Issued: Thu, Nov 01, 2018 at 12PM

Expires: Thu, Nov 08, 2018

Above 2,000ft None

1,000 to 2,000ft None

Below 1,000ft None

Degrees of Avalanche Danger ?

1. Low
2. Moderate
3. Considerable
4. High
5. Extreme

Avalanche Danger Rose ?

Avalanche Problems ?

Problem Details

Recent Avalanche Activity

Recent Weather

After a warm and wet October, temperatures are dropping. We have a light dusting of new snow on our local peaks, but not enough snow to pose any hazard. Expect a mix of rain and snow at sea level this weekend. This could translate into 6 inches of snow in the upper mountains. The avalanche season will probably begin in a couple weeks, as snow accumulates.

Additional Info & Media

Posted in CAC Forecasts.


Tell us what you're seeing out there.

Go to Cordova Observations


The Cordova Avalanche Center was founded in 2009 following the death of Cordova's beloved local avalanche forecaster and city council member, Michael O'Leary, in a massive avalanche. This center is run by Cordova resident and snow forecast expert 'Hoots' (Steve Witsoe.) Hoots supplies a weekly observation/forecast for this region as conditions warrant. Hoots is also the Forecast Director for the Alaska Avalanche Information Center network and works directly with the National Avalanche Forecasters Association.

In 2010 a group of friends and family launched the Michael O'Leary scholarship fund which now helps support the professional development of avalanche educators and forecasters across Alaska.

Because a relatively small fraction of terrain often frequented by backcountry travelers has a professional daily avalanche forecast available, the Alaska Avalanche Information Center encourages users to share what they see. Please view forecast and post your observations <HERE>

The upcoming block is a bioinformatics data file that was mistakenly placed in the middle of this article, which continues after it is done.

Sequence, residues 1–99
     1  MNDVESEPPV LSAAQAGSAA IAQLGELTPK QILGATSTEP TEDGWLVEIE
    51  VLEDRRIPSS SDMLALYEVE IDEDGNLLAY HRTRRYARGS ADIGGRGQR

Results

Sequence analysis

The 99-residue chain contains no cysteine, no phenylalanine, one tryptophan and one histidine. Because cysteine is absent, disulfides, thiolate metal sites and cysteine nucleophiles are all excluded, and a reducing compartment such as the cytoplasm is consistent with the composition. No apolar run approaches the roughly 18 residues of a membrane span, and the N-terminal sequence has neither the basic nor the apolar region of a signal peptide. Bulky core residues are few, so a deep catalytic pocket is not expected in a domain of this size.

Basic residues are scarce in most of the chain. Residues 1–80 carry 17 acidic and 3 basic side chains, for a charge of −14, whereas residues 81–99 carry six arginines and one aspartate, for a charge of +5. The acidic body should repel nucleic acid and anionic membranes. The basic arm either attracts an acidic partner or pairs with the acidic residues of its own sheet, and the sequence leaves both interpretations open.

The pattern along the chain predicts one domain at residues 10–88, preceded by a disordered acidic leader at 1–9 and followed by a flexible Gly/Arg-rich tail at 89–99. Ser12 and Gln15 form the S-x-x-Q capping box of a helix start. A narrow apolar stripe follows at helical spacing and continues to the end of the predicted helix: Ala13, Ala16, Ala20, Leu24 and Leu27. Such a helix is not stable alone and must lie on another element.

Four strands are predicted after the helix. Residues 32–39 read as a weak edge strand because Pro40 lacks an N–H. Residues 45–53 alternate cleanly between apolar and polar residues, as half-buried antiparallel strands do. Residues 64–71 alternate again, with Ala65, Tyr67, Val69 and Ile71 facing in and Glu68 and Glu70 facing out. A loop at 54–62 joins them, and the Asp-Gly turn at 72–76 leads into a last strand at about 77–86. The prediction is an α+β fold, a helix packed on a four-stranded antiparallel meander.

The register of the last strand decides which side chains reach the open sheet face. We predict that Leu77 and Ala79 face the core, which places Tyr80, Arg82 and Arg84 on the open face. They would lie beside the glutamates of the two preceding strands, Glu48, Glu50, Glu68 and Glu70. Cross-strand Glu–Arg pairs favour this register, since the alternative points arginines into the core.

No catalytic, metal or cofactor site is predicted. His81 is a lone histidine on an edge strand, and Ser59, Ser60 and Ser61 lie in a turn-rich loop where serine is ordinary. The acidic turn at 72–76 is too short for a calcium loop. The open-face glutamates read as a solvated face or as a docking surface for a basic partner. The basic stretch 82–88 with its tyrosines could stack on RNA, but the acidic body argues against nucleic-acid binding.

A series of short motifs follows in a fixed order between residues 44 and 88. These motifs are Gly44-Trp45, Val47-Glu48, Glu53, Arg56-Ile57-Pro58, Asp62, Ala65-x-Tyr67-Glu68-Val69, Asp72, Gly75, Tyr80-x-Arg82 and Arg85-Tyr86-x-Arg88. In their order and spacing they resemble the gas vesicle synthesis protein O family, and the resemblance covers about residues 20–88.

Boat Harbor, Cordova, Alaska.

Boat Harbor, Cordova, Alaska.

Staff & Volunteers

Cordova Director, AAIC Forecast Director

"Hoots" Steve Witsoe


Born in Seattle in 1971, Witsoe graduated from Univ. of Washington in 1995 with a Bachelor of Science in Mechanical Engineering. Commonly known as ‘Hoots’, he moved to Cordova in 1996 and joined Mt. Eyak ski patrol. As an avid backcountry snowboarder Hoots began helping with avalanche forecasting and education. He completed his AAA PAWS (AvPro) in 2005 and CAA level 2 in 2008. Hoots assumed responsibility for Cordova’s avalanche program in 2008. He is now an Avalanche Level 3 and a professional member of the American Avalanche Association and the National Avalanche Center.


Kirsti Jurica


Kirsti is the right hand for Hoots while in the field or in the classroom.



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